2022, The Second Half — Will Construction Costs Continue to Rise?
Looking back on 2021, many economists predicted a slow economic recovery and a potential housing crash. But not only did the housing market continue to boom, but the stock market also had a banner year, with the S&P 500 increasing by nearly 27 percent. Thanks to government assistance, many businesses were able to survive, while others actually thrived in the pandemic-spawned consumer market. Ongoing social distancing measures kept many workers and students at home, and combined with historically low interest rates, demand for housing skyrocketed.
As we enter the pandemic’s third year in 2022, the housing sector remains robust, though headwinds are starting to appear on the horizon. Due to the prevailing cycle of low inventory and high demand, both Fannie Mae and Zillow walked back their housing forecasts for 2022, predicting home price growth of 11.2% and 17.3%, respectively. And while various sources speculated that housing inventory would improve this year, inventory levels actually fell further in the early part of the year due to, in part, a wave of first-time millennial homebuyers rushing to take advantage of low mortgage interest rates. The National Home Builders Association says increasing prices could cause the cost of an average new single-family home to increase by more than $18,600 in 2022.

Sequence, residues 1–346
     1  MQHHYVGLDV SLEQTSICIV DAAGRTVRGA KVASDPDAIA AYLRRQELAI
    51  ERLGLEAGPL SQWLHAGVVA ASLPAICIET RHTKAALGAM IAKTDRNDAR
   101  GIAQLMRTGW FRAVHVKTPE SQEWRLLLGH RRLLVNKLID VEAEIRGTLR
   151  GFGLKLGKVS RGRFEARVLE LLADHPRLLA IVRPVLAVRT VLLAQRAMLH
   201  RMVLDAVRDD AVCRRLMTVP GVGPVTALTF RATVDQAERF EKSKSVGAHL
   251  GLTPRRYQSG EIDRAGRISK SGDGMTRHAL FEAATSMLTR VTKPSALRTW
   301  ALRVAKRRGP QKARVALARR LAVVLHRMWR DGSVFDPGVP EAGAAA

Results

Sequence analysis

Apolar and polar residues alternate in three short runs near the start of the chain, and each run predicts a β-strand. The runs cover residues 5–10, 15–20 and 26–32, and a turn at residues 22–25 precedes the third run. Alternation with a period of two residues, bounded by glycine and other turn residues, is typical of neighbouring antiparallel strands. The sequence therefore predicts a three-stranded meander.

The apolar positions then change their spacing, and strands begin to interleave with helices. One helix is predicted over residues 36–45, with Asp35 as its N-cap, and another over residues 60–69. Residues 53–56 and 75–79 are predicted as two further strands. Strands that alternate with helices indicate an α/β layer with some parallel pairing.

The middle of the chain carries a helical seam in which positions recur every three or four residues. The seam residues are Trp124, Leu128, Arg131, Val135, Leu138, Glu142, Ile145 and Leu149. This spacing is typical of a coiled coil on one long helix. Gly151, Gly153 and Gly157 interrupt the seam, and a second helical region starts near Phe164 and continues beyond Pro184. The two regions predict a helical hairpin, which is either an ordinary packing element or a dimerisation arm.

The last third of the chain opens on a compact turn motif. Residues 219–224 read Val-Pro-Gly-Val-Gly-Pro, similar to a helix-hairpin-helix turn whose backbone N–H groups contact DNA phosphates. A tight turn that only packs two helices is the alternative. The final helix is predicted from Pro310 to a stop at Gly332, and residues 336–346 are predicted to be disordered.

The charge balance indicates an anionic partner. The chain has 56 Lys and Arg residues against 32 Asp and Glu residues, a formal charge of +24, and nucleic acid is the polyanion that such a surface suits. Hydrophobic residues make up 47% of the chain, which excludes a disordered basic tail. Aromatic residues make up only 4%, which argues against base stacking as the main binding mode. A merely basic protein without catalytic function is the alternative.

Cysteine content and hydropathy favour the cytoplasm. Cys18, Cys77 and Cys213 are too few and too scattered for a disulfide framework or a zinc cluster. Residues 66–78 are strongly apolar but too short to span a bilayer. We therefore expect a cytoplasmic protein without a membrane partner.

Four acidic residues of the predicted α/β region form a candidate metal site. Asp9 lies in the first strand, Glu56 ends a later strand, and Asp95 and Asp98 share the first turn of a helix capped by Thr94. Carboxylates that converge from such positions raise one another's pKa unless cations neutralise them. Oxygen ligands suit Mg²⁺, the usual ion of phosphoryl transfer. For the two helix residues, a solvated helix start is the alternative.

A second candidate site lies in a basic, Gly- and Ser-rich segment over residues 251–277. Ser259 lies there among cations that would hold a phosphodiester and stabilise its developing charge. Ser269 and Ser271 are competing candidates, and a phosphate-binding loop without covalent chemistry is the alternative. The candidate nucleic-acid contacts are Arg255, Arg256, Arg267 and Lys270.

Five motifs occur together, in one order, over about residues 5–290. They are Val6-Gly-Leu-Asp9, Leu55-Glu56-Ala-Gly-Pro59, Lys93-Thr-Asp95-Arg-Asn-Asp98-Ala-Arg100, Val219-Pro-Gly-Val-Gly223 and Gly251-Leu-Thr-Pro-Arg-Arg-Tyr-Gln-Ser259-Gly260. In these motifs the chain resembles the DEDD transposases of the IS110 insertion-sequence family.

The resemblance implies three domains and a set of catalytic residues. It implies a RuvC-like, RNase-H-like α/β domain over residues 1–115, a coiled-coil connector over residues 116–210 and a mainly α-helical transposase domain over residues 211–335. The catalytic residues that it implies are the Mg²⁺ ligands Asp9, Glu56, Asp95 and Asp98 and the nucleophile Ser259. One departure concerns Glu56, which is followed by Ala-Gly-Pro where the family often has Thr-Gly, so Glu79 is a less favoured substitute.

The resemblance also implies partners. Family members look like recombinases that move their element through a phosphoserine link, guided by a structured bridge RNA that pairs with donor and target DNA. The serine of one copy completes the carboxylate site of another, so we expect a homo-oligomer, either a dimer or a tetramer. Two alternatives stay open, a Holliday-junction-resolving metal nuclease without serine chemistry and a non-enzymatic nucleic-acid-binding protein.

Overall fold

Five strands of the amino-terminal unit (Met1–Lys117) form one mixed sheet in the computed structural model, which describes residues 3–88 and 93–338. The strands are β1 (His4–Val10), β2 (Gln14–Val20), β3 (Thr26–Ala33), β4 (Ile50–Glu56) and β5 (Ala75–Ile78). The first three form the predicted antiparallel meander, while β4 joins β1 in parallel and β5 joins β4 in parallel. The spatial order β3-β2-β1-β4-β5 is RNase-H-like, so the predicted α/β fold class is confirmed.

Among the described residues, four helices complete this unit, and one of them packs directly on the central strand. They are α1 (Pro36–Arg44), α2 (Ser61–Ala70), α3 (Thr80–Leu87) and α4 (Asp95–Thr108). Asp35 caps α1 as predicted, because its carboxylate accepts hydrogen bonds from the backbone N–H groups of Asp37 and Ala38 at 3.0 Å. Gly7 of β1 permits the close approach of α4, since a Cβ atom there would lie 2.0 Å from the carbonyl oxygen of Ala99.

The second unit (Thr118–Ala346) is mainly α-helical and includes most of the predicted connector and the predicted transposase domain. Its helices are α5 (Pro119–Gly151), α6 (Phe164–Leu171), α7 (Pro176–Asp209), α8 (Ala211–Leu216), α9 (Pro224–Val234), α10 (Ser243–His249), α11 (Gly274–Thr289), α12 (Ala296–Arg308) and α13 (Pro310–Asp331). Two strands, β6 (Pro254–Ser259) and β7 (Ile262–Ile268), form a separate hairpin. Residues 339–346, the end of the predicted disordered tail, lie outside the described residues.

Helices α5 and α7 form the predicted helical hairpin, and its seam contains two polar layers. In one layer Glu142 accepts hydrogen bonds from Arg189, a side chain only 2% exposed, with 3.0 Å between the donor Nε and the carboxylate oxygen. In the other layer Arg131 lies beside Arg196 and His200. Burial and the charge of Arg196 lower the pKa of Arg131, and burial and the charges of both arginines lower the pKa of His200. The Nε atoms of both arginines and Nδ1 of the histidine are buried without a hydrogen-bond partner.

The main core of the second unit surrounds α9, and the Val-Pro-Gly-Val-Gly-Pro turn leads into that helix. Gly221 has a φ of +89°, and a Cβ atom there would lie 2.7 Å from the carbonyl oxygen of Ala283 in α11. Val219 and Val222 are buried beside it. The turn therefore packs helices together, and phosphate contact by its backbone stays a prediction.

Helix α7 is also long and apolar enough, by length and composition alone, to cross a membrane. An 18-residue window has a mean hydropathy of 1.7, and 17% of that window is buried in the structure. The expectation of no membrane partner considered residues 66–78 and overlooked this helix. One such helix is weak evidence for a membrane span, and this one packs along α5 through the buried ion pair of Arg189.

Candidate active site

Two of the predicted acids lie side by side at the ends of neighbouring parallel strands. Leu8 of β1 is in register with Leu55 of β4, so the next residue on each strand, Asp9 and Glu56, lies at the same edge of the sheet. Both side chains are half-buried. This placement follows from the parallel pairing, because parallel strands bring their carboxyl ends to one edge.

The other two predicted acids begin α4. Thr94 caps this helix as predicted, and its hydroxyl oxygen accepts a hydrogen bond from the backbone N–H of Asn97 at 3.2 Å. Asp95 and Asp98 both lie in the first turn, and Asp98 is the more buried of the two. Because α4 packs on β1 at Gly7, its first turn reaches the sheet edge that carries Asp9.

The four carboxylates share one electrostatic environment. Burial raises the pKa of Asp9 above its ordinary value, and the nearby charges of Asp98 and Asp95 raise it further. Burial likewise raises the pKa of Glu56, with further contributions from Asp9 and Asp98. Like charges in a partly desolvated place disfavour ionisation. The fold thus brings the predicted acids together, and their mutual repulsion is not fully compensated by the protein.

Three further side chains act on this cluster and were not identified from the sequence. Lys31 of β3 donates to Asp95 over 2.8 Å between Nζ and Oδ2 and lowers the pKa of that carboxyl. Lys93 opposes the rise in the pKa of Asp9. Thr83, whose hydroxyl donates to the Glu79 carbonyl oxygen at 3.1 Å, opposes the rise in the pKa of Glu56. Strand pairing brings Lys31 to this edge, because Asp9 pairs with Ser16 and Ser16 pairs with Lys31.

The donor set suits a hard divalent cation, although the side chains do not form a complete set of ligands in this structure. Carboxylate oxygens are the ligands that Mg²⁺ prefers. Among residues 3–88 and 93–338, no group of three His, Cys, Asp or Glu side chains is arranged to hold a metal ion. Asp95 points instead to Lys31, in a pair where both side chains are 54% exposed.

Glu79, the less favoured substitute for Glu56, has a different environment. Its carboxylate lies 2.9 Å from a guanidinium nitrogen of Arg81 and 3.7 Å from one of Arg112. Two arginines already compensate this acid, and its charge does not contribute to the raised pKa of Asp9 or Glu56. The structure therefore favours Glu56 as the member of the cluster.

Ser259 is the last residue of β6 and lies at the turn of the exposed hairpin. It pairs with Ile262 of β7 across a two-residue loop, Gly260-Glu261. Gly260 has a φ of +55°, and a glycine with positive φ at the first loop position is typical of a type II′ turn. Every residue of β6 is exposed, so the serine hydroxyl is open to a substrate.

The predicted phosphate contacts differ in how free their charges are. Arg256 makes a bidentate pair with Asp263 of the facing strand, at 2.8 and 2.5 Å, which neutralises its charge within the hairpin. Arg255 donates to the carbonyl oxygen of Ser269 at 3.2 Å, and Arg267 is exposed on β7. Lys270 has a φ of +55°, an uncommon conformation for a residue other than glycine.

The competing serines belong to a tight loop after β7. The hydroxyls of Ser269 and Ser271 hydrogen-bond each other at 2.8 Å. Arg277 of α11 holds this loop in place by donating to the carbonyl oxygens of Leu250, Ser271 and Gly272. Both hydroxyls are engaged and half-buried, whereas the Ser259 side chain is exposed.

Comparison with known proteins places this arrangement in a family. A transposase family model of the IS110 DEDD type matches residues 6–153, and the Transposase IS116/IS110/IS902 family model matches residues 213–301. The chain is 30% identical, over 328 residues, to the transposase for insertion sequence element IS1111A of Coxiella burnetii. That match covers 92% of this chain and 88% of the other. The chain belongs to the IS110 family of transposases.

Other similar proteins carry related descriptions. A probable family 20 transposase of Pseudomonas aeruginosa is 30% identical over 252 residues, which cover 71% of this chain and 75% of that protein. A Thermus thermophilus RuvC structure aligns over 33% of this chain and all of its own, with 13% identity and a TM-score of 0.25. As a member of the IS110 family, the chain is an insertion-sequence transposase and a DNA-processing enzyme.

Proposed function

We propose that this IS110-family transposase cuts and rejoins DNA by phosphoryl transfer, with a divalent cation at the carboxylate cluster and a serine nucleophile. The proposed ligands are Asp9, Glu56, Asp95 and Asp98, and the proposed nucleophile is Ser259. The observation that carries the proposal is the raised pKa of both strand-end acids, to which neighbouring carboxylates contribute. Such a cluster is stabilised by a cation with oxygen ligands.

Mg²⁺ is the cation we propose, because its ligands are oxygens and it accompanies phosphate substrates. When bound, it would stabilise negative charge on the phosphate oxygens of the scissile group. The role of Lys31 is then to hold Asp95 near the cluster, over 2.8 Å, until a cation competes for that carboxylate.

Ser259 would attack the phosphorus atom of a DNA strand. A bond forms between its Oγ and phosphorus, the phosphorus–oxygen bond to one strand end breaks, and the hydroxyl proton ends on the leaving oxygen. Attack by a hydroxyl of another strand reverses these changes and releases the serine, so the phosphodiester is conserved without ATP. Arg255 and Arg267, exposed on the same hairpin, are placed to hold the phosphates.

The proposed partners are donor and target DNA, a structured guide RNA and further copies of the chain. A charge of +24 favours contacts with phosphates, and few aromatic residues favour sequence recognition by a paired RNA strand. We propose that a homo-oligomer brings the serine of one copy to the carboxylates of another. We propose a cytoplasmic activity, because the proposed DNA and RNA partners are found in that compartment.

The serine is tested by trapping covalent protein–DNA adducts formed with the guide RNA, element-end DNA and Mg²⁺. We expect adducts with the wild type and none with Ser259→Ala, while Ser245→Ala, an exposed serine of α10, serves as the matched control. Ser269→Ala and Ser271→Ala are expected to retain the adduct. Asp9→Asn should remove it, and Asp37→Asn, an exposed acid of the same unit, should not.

This year, contractors are facing many of the same obstacles as they did in 2021, with ongoing supply chain interruptions, workforce woes and soaring material costs compounded by rising inflation and interest rates.